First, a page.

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Haydee Rodriguez (center, back row) and her Advanced Placement Government students smile as they work on coordinating a mock election in this undated photo at Southwest High School in El Centro.

“I was just thrilled to be accepted,” Rodriguez said when she received Chabalowski's email that she was selected for the program.

Rodriguez said she became interested in the USIP’s Peace Teacher’s Program after traveling to Brazil in 2012 as part of the International Leaders in Education program representing California, staying on mailing lists for future opportunities.

When she received an email from Chabalowski to apply for the USIP program she jumped at the chance.

“I just didn't even sleep to make sure I could get my application in for the deadline,” Rodriguez said.

“I was really, really driven because I consider myself a peace builder, but I didn't have the training but through this program, I'll have the training so I can reach out to my students,” she said.

“I'll get to learn tools and methods that I can teach my students in their own personal lives to diffuse conflict with these methods that they can take out into the greater world,” she said.

“Right now, I'm just learning some more skills and trying to figure out how I'll be able to incorporate this with my lessons for the students,” she said.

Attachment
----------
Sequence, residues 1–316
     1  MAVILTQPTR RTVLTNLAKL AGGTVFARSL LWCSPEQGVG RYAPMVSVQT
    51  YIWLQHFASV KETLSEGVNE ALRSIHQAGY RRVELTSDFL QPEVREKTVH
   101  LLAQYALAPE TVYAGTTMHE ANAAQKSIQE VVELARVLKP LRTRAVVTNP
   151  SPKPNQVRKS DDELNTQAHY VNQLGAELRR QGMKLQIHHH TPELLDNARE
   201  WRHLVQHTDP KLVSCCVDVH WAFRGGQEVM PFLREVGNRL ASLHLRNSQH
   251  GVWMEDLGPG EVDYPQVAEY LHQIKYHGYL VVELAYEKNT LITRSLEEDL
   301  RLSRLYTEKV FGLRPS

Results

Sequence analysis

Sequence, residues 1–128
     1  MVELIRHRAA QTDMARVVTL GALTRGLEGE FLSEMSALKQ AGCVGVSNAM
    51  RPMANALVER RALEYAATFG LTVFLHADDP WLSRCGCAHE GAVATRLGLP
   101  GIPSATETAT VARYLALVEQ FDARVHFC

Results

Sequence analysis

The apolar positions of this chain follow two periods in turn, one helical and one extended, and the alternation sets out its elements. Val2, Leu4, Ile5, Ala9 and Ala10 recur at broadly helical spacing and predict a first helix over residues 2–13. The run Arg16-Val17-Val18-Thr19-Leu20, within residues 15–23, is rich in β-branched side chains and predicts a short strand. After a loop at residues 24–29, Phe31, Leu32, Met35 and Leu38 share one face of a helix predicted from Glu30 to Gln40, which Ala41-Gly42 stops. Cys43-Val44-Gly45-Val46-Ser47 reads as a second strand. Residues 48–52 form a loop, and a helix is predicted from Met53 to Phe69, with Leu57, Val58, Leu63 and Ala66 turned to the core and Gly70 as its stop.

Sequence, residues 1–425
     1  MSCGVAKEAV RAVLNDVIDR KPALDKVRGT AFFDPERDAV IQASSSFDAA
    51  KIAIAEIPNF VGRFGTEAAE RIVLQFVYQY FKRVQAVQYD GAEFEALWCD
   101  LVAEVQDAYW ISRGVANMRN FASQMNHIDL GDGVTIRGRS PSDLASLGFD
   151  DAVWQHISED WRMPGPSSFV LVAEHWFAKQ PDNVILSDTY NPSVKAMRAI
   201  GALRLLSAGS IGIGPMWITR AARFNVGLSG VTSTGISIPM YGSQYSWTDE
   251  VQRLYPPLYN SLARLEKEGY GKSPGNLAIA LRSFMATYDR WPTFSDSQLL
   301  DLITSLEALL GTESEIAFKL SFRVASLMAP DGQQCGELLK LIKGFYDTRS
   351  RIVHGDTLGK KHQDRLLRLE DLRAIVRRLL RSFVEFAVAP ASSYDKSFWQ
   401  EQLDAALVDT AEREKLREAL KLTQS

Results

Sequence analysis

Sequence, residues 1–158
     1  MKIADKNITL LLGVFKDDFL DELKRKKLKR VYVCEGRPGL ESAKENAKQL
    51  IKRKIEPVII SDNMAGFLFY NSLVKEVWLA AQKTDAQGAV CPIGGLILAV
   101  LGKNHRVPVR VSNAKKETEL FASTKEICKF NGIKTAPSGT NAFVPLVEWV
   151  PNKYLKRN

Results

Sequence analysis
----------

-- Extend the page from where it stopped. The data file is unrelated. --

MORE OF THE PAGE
With at least one cohort meeting under her belt, Rodriguez said she is excited to see where these skills will take her and her students as they work on skill building and work toward developing local, and possibly international, peace-keeping missions with neighboring Mexico.

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R to L: CUHS teacher Haydee Rodriguez smiles with her student, a CUHS graduate named Anna, in this undated graduation photo at Central Union High School in El Centro.

“I hope the students gain the ability to analyze conflict, see the source of it, and see that sometimes the absence of violence isn't necessarily peace,” Rodriguez said.

“For them to look at steps and what needs to happen in the community because people can't build peace out of their community, it has to start from within,” she said.

“I want them to work toward a common goal, together, to benefit everybody as much as possible,” Rodriguez said. “We need to learn to meet in the middle.”

Chabalowski said the USIP works with schools but is also ready to work with local organizations or community groups “that would like to engage with us in some way” in peace promoting or peace-keeping projects, particularly those with a global focus.

Interested community groups can contact the US Institute of Peace through Senior Outreach Officer Megan Chabalowski by sending an email to mchabalowski@usip.org.

For more information on the nonpartisan United States Institute of Peace, visit usip.org.

Reporter

Roman has worked for multiple local news and non-profit orgs including IV Press and VW Mag, IVROP, St. JP2 Radio and is also with The Southern Cross. An El Centro native, he graduated from Marywood U in Scranton, Pennsylvania. rflores@thedesertreview.com